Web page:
Several of Britain’s top track and field stars have told Sebastian Coe they are at breaking point with the current regime at UK Athletics and have made a plea to him to intervene. A 25-yard thunderbolt from Andros Townsend capped a six-minute salvo to turn the game around as Everton came from a goal down to beat Burnley 3-1. Britain’s newest sporting star, Emma Raducanu, has put her stunning success at the US Open down to her “very hard-to-please parents”, who she said had given her the mental strength to succeed. Andy Murray has hailed Raducanu’s “incredible” win in New York and spoken of a “huge opportunity” for British tennis. Novak Djokovic lost his bid to achieve a calendar slam at the final hurdle at Flushing Meadows, but he may finally have won the hearts of tennis fans, writes Jonathan Liew.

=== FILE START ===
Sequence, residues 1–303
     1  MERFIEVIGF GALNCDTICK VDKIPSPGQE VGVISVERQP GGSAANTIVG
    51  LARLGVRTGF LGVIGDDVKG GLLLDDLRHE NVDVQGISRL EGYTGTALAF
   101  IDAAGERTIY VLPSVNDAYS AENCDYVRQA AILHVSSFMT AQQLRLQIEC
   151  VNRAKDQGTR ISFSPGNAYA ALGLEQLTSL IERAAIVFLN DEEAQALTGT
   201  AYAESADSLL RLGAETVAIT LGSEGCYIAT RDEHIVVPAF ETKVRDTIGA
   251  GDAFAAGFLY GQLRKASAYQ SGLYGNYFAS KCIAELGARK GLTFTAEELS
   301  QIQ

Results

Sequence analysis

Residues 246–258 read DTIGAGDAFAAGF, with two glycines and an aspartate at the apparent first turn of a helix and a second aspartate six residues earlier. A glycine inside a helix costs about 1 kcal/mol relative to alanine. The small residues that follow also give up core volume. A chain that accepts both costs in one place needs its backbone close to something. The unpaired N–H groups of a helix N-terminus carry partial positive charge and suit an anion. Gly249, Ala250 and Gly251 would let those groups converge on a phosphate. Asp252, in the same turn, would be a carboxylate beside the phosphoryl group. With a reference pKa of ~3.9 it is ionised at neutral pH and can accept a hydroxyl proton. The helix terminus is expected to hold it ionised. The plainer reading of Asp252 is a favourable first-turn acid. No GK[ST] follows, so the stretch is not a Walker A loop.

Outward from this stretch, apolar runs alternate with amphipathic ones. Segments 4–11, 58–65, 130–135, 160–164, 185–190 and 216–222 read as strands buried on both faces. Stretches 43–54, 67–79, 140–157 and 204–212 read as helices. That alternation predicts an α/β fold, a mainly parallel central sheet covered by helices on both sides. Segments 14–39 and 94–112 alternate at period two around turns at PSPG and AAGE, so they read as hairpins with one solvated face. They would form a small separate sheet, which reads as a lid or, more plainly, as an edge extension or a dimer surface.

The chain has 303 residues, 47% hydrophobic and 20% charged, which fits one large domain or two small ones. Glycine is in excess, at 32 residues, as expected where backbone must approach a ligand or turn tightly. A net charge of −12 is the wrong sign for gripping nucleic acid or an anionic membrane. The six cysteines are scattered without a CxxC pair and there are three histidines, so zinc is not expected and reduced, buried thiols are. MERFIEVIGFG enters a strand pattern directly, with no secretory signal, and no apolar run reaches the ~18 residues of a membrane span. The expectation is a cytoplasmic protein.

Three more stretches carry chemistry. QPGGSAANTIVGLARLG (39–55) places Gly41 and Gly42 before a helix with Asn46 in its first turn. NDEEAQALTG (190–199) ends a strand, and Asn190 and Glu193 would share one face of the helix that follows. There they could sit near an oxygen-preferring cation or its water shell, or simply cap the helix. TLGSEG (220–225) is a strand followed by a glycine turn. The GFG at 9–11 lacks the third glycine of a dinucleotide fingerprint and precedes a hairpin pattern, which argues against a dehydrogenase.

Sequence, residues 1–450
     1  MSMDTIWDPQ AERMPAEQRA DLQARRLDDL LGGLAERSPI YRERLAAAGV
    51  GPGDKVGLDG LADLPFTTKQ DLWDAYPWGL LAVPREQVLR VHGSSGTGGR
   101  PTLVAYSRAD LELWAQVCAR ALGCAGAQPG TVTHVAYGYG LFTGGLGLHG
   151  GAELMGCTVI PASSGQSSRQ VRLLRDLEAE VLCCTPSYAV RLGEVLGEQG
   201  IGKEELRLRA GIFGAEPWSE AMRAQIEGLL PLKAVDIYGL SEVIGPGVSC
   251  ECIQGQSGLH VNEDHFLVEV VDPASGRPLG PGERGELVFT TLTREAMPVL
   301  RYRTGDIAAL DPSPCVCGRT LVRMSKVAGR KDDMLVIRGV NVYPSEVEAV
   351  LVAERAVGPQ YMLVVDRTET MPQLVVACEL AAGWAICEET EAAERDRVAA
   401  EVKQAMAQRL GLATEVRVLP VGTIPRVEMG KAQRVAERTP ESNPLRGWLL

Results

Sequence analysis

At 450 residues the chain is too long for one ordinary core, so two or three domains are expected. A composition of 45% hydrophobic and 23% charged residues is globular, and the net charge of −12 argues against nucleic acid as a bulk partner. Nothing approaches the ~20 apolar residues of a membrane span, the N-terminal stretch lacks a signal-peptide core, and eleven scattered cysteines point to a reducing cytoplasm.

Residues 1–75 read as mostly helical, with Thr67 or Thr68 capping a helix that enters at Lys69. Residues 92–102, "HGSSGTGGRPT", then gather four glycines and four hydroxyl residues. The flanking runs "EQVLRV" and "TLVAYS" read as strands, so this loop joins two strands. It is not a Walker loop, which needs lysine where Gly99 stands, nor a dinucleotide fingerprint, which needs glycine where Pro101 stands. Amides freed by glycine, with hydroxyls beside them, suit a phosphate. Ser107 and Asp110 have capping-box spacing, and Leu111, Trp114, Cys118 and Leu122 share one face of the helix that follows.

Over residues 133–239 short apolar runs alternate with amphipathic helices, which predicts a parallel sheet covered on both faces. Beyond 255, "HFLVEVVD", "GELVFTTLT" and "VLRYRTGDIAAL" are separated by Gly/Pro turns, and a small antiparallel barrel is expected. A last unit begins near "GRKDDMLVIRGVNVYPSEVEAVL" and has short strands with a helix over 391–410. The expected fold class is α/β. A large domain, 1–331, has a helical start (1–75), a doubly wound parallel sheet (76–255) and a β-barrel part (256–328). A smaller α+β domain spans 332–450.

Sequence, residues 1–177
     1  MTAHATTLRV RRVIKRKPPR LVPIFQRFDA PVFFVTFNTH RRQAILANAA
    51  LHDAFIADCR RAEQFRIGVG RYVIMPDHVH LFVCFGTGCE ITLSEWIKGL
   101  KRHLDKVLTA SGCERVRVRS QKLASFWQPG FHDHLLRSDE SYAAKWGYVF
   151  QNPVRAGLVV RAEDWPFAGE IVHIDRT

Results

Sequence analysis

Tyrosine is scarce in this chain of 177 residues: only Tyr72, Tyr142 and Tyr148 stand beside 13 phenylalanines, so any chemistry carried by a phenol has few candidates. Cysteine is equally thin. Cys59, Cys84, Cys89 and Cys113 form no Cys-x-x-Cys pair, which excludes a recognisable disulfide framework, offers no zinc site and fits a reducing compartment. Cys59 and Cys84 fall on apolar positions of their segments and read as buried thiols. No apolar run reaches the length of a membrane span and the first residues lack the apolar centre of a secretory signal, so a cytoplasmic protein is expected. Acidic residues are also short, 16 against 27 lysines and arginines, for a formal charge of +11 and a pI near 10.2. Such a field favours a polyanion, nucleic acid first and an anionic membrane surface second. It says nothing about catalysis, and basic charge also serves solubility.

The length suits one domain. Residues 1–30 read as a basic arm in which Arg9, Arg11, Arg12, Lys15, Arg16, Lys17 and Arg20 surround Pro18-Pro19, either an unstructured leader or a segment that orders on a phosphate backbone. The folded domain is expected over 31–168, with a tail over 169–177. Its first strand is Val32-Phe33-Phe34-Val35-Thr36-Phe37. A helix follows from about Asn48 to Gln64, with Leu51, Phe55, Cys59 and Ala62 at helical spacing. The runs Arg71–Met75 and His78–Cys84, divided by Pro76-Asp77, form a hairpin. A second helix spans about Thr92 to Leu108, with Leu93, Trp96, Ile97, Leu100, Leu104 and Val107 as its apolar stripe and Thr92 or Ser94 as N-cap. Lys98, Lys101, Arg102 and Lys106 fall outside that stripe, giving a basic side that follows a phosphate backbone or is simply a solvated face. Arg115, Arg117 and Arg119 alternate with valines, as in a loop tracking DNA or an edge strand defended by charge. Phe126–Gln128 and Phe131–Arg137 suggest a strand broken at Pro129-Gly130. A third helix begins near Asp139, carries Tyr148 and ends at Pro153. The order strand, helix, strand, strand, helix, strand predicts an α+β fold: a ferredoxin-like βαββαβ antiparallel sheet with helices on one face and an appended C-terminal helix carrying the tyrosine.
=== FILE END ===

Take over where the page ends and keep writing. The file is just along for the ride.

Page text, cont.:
Premiership players are being “strongly encouraged” to become fully vaccinated by rugby authorities in England with clubs offered incentives in an effort to boost uptake. Chris Woakes has put his decision to withdraw from the second half of the IPL down to a winter with England that he feels compares with the home summer of 2019 in terms of sporting magnitude. Lewis Hamilton said he was reminded of his own mortality and the risks he takes competing in Formula One after his crash with Max Verstappen at the Italian Grand Prix. And winning last season’s Champions League final has lifted the pressure from Thomas Tuchel, but the Chelsea coach has urged his players to stay hungry as they begin their title defence against Zenit St Petersburg tonight.